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The Contestation of Gender and Sexuality in International Organizations

Participation
International relations
VIR20
Martijn Mos
Departments of Political Science and Public Administration, Universiteit Leiden
Jelena Cupać
WZB Berlin Social Science Center

Gender and sexuality scholars have long studied the spread of human rights norms. However, developments in recent years have shown that the diffusion of these norms is neither uncontested nor irreversible. Gender equality and LGBTI rights face a global backlash. Not only have conservative actors actively mobilized against gender norms, but they are increasingly winning policy battles in places as far apart as Ghana, Hungary, El Salvador, and Texas. In other words, anti-gender politics has emerged from the margins to become a global phenomenon. However, we still know surprisingly little about the international context and transnational nature of this backlash. Backlash politics denotes a concerted effort to recover the past by challenging dominant scripts (Alter & Zürn 2020). For anti-gender actors, gender ideology is one such script, and they see it as being promoted by international organizations alongside a transnational lobby of feminists and homosexuals. Recovering the past, in this case, entails ridding their respective societies of these progressive and alien notions of gender and sexuality. If international organizations (IOs) feature so prominently in the work of anti-gender actors, we believe scholars should also pay attention to these arenas. The workshop therefore aims to unpack the role that IOs play in the backlash to gender equality and LGBTI rights. We suggest that anti-gender actors see IOs as both a threat and an opportunity. The workshop is organized accordingly. First, anti-gender actors mobilize against IOs because they see them as a threat to their core values. This part of the workshop looks at the response to these threats. How are IOs constructed in anti-gender discourse? What arguments are used to challenge international gender and sexuality norms? What steps do anti-gender actors take to undermine IOs? Ironically, anti-gender actors also mobilize against IOs from within. The second part of the workshop therefore examines IOs as opportunity structures. What litigation strategies do anti-gender actors use at the international level? How do they lobby states and international bureaucrats? How do anti-gender actors work together to challenge the policy output of IOs? Recent scholarship touches on some of these questions. We thus know that anti-gender actors in Europe often depict “gender ideology” as a threat originating from the European Union (Korolczuk & Graff 2018; Mos 2020; Rawłuszko 2019). We also know that the “unholy” alliance of conservative NGOs and states promotes their agendas within different organs of the United Nations (Buss & Herman 2003; Cupać & Ebetürk 2020, 2021; Sanders 2018; Symons & Altman 2015; Voss 2018). There are also references to IOs in country-level case studies of the anti-gender movement (Kuhar & Paternotte 2017). The workshop contributes to this nascent literature in two ways. First, it provides a unique and comparative overview of anti-gender politics across different IOs. The workshop thus departs from the current focus on a single country or a specific IO. Second, this overview provides the basis for a systematic comparison of the types of actors engaging in anti-gender backlash, the different issues they politicize, and the various tactics they employ.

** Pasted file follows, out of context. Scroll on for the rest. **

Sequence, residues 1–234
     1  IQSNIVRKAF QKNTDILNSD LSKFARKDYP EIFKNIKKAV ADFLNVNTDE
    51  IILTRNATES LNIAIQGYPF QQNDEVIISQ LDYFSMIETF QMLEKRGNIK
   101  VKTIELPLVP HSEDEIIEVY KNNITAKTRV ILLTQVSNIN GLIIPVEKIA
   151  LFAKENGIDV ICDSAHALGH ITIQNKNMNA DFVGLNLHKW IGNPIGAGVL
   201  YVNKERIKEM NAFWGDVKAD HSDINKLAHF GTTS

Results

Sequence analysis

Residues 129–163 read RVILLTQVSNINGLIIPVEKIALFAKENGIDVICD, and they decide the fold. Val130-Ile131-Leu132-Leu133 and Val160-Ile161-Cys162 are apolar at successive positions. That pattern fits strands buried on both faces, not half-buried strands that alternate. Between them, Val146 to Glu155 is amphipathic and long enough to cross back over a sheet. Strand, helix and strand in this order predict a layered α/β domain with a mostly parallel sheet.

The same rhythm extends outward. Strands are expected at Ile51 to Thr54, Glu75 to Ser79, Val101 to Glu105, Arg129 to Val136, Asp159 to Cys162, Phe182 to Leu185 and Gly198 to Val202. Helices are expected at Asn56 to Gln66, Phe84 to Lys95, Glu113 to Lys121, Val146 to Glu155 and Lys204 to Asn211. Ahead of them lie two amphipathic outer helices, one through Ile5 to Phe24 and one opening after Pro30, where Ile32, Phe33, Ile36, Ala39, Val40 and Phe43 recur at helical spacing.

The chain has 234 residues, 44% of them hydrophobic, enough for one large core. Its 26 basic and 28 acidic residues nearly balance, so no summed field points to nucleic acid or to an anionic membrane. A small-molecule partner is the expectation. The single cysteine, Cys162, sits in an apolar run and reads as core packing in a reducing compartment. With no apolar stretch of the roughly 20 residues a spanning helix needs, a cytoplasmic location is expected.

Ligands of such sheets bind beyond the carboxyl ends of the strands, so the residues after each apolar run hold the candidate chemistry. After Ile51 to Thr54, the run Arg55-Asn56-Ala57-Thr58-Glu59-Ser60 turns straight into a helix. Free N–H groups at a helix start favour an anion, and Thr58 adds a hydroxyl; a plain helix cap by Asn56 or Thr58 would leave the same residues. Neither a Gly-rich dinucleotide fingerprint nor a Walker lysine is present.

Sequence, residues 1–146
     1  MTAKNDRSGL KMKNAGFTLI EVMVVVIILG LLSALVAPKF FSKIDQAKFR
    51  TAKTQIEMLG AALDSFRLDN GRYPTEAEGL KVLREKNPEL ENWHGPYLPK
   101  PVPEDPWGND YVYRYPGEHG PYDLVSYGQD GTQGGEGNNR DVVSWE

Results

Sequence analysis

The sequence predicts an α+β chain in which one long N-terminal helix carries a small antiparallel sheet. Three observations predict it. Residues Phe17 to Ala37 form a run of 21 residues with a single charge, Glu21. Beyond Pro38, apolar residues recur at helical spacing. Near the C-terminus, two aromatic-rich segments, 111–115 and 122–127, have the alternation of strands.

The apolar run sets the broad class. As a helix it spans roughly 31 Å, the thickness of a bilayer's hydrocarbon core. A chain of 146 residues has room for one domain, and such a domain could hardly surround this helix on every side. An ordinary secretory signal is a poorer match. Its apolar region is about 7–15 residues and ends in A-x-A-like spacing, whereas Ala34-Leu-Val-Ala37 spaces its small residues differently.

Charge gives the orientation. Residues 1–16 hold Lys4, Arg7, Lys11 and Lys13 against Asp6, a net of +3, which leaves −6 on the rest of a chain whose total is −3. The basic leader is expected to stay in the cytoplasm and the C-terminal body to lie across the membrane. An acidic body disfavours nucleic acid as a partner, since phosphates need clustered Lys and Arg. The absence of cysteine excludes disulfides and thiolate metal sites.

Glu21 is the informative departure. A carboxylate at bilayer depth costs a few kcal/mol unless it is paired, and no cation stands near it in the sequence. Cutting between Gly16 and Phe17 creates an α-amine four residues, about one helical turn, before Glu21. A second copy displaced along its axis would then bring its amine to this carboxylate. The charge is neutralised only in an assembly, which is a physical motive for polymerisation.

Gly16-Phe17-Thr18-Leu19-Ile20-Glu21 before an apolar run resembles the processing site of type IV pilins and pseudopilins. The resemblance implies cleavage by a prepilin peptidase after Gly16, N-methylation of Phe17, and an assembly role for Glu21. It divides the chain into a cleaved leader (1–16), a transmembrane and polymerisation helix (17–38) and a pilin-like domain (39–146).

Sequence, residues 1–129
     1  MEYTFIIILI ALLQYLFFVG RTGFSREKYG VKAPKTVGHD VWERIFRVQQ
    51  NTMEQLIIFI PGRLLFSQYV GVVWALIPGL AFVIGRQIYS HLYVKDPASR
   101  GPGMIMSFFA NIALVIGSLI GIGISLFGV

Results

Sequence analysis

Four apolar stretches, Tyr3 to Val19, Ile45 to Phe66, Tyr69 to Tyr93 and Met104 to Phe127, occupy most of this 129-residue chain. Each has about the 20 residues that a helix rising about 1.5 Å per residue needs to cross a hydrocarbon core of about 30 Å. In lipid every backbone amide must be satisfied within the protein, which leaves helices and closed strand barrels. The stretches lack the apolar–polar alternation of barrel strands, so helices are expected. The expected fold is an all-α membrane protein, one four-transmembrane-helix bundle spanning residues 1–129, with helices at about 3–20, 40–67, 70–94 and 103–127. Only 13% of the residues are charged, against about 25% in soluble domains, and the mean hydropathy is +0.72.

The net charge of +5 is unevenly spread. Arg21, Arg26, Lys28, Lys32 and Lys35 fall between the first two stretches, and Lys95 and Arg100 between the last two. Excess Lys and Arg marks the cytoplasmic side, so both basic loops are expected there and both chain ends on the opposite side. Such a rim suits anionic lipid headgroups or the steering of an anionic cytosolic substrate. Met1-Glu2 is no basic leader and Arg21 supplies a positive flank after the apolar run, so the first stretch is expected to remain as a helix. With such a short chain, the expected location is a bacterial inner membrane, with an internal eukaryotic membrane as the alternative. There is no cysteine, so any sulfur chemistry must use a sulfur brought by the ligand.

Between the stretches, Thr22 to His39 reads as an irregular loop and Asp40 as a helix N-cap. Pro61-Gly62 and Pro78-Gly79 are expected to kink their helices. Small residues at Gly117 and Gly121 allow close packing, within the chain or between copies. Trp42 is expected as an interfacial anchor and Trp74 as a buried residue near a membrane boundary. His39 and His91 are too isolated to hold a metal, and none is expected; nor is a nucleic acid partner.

The workshop suggests that anti-gender actors see international organizations as both a threat and opportunity: although the embrace of gender equality and LGBTI rights by IOs threatens their core values, these actors simultaneously treat IOs as an opportunity structure for counteracting the threat. Accordingly, the workshop contributions are expected to touch on at least one of the dimensions of threat and opportunity. The workshop aims to capture variation in how these threats and opportunities manifest themselves. In particular, the workshop explores four types of variation. First, we welcome papers that touch on the contestation of various issues related to gender equality and LGBTI rights. Among others, suitable topics include sexual and reproductive health and rights; the recognition of gender reassignment and self-identification; gender mainstreaming; same-sex unions; and anti-discrimination initiatives, including hate crime and hate speech. The workshop also aims to address different types of actors who contest gender norms, ranging from government representatives and the state-based groups in which they are active to faith-based NGOs and from conservative media outlets to grassroots movements. Third, the workshop will examine the different tactics that anti-gender actors employ. Examples include framing strategies, litigation, petitions, legislation, and the obstruction of negotiations. Lastly, our comparative perspective calls for papers on a range of international organizations. The organizers welcome papers on the European Union and the United Nations but particularly encourage contributions on organizations that have received comparatively little scholarly attention. Examples of the latter include the World Health Organization, the Council of Europe, and the Organization of American States. We invite papers that address the connection between anti-gender politics and international organizations from different disciplinary and methodological perspectives. The workshop should appeal especially to scholars of international norms, global governance and social movements, but we also welcome contributions from other disciplines, including sociology, international law, and comparative politics. The workshop aims to bring together early-career scholars, including doctoral students, and more senior researchers. We will disseminate the call for papers through personal and publicly available networks, including the ECPR Standing Group on Gender and Politics; the International Studies Association’s sections on Feminist Theory and Gender Studies, Human Rights, and Religion and International Relations; the sections on Women, Gender and Politics Research and Sexuality and Politics, as well as the LGBTQ Caucus, of the American Political Science Association; and the Gender and Sexuality Research Network of the Council for European Studies. The organizers intend to use the workshop as a springboard for two special issues in highly-ranked journals. The two special issues will reflect the structure of the workshop: they will respectively focus on international organizations as threats to and opportunities for anti-gender actors and their values. The proposals for these special issues are currently in the draft stage.